• Write down your target blood glucose numbers. If needed, record test results taken before and after a meal on either side of the line in the meal boxes. For instance,
  • Circle the blood glucose result each time you’re above or below your target. For instance,


  • Under the heading marked “Medicines,” write the names of your diabetes medicines and the amounts taken.


  • Write down things that may affect your blood glucose numbers. Some examples are
    • eating more or less than usual
    • forgetting to take your diabetes medicines
    • physical activity—write down what kind and for how long
    • being sick
    • feeling upset about something—being under stress
Daily Diabetes Record

My Target Blood Glucose Numbers

Before meal target________ to ________
1 to 2 hours after the start of a meal target________ or below
My A1C target________

When to check my blood glucose __________________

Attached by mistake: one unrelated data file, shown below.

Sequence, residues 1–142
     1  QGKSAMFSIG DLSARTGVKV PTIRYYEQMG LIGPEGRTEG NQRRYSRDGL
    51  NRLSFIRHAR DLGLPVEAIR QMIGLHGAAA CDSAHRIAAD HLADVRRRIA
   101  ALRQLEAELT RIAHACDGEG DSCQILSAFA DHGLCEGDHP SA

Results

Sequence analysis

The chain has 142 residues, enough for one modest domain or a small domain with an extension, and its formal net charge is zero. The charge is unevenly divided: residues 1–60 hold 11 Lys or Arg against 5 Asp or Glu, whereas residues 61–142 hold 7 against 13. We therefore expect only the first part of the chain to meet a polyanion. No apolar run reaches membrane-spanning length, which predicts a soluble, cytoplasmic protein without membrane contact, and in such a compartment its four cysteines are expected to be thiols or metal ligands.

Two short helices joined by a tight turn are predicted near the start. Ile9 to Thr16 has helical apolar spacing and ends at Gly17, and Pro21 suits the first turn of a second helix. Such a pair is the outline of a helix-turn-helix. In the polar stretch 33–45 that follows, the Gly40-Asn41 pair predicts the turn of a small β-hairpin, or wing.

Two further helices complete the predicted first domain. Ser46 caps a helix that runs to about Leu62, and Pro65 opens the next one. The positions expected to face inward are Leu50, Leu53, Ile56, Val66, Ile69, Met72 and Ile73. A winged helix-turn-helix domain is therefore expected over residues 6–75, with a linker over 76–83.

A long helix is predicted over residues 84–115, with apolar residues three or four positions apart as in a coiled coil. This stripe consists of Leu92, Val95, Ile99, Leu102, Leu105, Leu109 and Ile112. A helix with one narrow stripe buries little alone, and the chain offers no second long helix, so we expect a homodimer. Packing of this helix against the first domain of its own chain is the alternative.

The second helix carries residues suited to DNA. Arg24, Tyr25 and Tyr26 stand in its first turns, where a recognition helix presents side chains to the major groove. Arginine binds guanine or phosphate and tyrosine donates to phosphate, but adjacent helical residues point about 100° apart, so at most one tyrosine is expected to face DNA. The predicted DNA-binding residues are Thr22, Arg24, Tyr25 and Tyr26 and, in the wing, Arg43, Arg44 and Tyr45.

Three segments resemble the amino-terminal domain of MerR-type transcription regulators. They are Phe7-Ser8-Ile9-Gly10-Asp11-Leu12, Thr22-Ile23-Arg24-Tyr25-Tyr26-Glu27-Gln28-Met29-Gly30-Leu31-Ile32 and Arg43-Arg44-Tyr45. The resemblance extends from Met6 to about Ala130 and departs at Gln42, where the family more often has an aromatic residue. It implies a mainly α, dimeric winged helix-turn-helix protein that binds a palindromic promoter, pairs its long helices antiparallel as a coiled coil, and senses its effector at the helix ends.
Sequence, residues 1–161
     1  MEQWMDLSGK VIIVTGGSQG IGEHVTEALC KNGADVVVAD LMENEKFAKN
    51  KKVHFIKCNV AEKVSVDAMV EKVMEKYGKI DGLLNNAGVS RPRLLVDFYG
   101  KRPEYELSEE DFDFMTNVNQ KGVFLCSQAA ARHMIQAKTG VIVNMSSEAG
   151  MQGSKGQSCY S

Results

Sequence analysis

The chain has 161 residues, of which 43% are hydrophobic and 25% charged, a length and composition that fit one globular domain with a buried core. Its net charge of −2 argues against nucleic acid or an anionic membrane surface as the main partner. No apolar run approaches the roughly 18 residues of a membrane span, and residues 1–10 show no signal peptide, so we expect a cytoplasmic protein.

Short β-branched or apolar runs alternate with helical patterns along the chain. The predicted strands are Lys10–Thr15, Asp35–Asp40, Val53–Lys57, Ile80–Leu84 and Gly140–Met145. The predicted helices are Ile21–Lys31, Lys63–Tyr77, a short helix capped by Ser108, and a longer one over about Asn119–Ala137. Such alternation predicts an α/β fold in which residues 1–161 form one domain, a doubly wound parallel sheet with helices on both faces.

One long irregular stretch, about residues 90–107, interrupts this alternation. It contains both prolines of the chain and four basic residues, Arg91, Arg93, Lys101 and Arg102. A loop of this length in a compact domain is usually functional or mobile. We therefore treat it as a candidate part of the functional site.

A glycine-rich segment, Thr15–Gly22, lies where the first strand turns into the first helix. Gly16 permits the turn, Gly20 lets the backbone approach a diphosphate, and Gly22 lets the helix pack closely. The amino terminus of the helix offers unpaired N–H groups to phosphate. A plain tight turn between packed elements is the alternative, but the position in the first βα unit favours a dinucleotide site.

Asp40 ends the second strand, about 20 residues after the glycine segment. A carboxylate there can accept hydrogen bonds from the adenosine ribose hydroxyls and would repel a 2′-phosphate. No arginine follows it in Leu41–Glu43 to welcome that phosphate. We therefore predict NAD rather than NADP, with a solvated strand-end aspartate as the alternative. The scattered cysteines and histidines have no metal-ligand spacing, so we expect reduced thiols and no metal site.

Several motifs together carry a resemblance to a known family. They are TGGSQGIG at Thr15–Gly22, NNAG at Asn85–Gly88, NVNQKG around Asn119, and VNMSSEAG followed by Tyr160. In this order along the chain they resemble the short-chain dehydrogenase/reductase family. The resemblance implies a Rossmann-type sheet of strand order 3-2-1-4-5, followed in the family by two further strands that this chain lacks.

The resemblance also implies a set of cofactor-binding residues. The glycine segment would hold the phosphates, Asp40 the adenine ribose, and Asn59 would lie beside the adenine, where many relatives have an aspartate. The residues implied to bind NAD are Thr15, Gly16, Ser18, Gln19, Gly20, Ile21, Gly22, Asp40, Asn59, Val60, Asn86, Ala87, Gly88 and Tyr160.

Call my health care team if my blood glucose is higher than__________










Notes: (Special events, sick days, physical activity)





























PDF Version (39 KB)  

HTML Version

My Health Care Team Members

Use this chart to keep track of the contact information for your health care team members.

Name and Address Phone



Diabetes educator




Eye doctor

Foot doctor
April 2014

Alternate Versions

This content is provided as a service of the National Institute of Diabetes and Digestive and Kidney Diseases (NIDDK), part of the National Institutes of Health. The NIDDK translates and disseminates research findings through its clearinghouses and education programs to increase knowledge and understanding about health and disease among patients, health professionals, and the public. Content produced by the NIDDK is carefully reviewed by NIDDK scientists and other experts.